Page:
As the largest mass shooting in modern U.S. history began to unfold, an off-duty police officer working at a gay nightclub exchanged gunfire with the suspect. But three hours passed before one of the nation's most revered SWAT teams stormed the building and brought the attack in Orlando that left 49 people and the gunman dead to an end.
The decision by law enforcement to hold off on entering the club - where more than 100 people were shot, 49 of them killed - immediately raised questions among experts in police tactics. They said the lessons learned from other mass shootings show that officers must get inside swiftly - even at great risk - to stop the threat and save lives.
"We live in a different world. And action beats inaction 100 percent of the time," said Chris Grollnek, an expert on active-shooter tactics and a retired police officer and SWAT team member.
It's not clear yet what information authorities in Orlando had and how the decisions were made. Orlando Police chief John Mina said at a news conference that he made the decision to send in the SWAT team only after the shooter, Omar Mateen, had talked to hostage negotiators. Mina described Mateen's demeanor as "cool and calm."
"We believed further loss of life was imminent" based on what Mateen was telling various people on the phone, as well as the negotiators, Mina said.
Mina said at first the SWAT team attempted to breach a wall of the club with an explosive, but didn't succeed in fully knocking it down. So they sent in an armored vehicle to finish the job, rescued dozens of hostages, and engaged in a ferocious shootuout with Mateen.
The answer to whether authorities made the right move by not going in more quickly may rest in two questions: Was this an active-shooter situation or a hostage crisis? And at what point did it pivot from one type of scenario to another?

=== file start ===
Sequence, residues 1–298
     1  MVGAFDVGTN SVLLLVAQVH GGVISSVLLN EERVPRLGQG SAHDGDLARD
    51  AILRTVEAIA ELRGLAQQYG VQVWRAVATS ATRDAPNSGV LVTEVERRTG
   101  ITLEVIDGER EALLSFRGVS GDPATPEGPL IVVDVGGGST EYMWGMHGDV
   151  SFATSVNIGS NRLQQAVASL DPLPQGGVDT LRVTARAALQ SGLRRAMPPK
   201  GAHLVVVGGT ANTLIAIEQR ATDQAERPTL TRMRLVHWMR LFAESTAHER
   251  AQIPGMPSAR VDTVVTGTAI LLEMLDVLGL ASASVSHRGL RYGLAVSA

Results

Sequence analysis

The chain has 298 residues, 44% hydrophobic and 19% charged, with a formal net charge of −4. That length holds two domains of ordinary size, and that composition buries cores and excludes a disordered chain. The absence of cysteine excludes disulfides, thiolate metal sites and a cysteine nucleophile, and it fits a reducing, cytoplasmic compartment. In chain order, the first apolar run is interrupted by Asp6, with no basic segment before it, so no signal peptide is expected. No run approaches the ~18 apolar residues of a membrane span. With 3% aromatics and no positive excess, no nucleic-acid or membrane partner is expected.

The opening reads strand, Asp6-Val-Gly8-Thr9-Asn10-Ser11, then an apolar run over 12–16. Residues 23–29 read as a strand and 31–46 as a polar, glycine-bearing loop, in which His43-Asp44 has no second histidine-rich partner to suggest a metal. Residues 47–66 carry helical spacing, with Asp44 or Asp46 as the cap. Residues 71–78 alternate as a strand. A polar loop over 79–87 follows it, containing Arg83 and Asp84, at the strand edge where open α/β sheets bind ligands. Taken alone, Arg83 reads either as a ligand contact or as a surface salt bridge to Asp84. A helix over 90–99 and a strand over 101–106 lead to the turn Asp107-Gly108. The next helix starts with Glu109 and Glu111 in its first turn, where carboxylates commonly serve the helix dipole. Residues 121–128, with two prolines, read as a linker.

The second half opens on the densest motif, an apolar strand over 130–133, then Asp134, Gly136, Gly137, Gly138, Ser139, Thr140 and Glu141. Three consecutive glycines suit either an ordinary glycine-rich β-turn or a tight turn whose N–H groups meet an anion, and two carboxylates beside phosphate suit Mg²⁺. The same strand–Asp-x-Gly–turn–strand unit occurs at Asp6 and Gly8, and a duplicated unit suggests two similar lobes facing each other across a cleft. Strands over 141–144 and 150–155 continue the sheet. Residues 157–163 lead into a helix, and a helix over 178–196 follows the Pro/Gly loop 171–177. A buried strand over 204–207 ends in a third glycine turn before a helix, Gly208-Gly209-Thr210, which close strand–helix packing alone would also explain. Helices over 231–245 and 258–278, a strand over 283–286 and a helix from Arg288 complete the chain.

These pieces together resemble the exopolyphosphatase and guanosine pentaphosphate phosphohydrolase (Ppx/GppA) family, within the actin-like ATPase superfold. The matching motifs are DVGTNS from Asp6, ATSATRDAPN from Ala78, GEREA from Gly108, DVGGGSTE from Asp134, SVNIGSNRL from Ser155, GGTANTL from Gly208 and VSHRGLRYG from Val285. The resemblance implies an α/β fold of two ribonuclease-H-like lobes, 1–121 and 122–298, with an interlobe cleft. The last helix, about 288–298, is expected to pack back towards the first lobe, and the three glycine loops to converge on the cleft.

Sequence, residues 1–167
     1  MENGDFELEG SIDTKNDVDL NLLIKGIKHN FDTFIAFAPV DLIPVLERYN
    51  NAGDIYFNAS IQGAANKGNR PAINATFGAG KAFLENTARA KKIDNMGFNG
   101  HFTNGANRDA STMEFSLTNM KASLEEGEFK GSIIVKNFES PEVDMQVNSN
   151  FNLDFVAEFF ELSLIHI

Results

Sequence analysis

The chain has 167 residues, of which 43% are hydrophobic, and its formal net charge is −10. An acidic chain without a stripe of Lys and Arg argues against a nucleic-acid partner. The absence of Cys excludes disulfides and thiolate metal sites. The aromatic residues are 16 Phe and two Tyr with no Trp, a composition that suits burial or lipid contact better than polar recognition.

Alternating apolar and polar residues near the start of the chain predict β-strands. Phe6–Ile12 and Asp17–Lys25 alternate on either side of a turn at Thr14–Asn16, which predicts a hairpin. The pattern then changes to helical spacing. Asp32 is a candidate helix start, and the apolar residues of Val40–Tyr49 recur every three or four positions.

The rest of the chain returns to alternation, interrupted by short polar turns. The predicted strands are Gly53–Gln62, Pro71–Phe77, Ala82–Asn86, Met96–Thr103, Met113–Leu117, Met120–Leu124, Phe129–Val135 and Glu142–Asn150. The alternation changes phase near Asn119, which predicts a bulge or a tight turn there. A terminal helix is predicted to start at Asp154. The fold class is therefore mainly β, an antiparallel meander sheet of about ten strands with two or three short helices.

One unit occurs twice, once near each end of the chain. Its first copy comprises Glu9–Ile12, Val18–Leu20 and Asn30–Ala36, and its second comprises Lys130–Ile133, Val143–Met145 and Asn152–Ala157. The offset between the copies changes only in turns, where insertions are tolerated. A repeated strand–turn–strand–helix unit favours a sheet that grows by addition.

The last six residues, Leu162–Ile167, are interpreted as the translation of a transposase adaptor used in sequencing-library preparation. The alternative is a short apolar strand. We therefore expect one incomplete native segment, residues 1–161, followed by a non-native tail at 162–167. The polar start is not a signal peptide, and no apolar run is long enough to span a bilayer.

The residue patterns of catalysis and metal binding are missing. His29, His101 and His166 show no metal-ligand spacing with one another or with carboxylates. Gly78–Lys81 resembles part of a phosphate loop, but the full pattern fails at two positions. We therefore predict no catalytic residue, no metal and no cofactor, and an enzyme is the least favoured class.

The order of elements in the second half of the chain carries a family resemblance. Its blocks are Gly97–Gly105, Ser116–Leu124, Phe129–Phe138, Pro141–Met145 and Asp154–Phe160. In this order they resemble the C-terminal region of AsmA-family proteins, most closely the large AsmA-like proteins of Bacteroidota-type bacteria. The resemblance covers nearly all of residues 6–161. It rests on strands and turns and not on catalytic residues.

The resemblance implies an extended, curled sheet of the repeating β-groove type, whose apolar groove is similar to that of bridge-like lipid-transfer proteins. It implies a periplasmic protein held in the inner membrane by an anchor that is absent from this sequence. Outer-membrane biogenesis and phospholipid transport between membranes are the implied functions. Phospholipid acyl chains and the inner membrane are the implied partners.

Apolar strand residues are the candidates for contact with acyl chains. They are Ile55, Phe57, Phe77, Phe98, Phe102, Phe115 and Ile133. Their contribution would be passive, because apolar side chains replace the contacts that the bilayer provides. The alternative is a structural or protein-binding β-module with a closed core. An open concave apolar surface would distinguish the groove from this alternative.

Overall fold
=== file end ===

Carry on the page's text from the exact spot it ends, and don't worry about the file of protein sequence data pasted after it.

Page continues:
In active-shooter situations, police are now trained to respond immediately, even if only one or two officers are available to confront the suspect. In a hostage crisis, law enforcement generally tries to negotiate.
Authorities were investigating the attack by gunman Omar Mateen as an act of terrorism. Witnesses described a chaotic scene when the gunfire began shortly before the club known as Pulse was to close. More than 300 people were inside.
The off-duty police officer who was working as a security guard just outside the club was the first to confront Mateen, who ran inside. Around dawn, a SWAT team forced its way into the club and fatally shot Mateen, authorities said.
Police tactics changed after the 1999 massacre at Columbine High School, where the first officers to arrive exchanged fire with the gunmen but then stopped and waited for the SWAT team. That took 45 minutes. By then, Eric Harris and Dylan Klebold had killed 12 students and a teacher.
At the time, the standard police practice was to set up a perimeter, wait for SWAT officers and then go inside. Authorities began to realize that the delayed response gave suspects more time to kill.
"We can't just let him have free rein and continue to shoot," said Ben Tisa, a former FBI agent and former SWAT team member.
Experts point to other mass shootings where a delay in confronting the shooter probably gave the gunman time to maneuver and attack. A mass shooting in 1984 at a McDonald's in San Ysidro, California, offered one of the earliest lessons, with 21 people being killed and 19 wounded before a SWAT team killed the gunman about 45 minutes later.
Orlando Mayor Buddy Dyer said officers first thought Mateen had strapped explosives to the dead victims and that the club was booby-trapped. Police chief Mina said officers thought that Mateen had indicated he had a bomb vest.
The standoff appeared to have developed into a hostage situation, which could have persuaded law enforcement to hold off to avoid endangering captive civilians.
Incorrect or incomplete information is typical during police emergencies. And the gravity of the decisions is not lost on SWAT teams and their commanders. Civilian lives are at risk, along with those of police officers who are often outgunned by suspects.
"You have split seconds," said Thor Eells, commander of the Colorado Springs Police Department and chairman of the board of the National Tactical Officers Association.
Almost immediately after the shooting began, the nightclub posted a note on its Facebook page telling people to get out and "keep running."
Grollnek, a consultant who conducts active-shooter training for law enforcement, said that's another lesson from other mass shootings: Civilians can't expect to stay safe by heeding the old advice to hide or shelter in place.
"The problem is we're failing to evolve by learning the lesson that hiding does not work," he said. "Running works. Everyone who escapes to tell their story says, 'I ran away. I heard a noise on my left, and I went to my right and I got out.'"
But Grollneck reserved his anger for the police commanders in Florida who didn't allow SWAT team members to enter until several hours after the shooter began the attack.
"How have we failed so poorly that we did not learn our lesson ... when we see SWAT teams respond and not making entry creates victims," he said. "Period. End of story."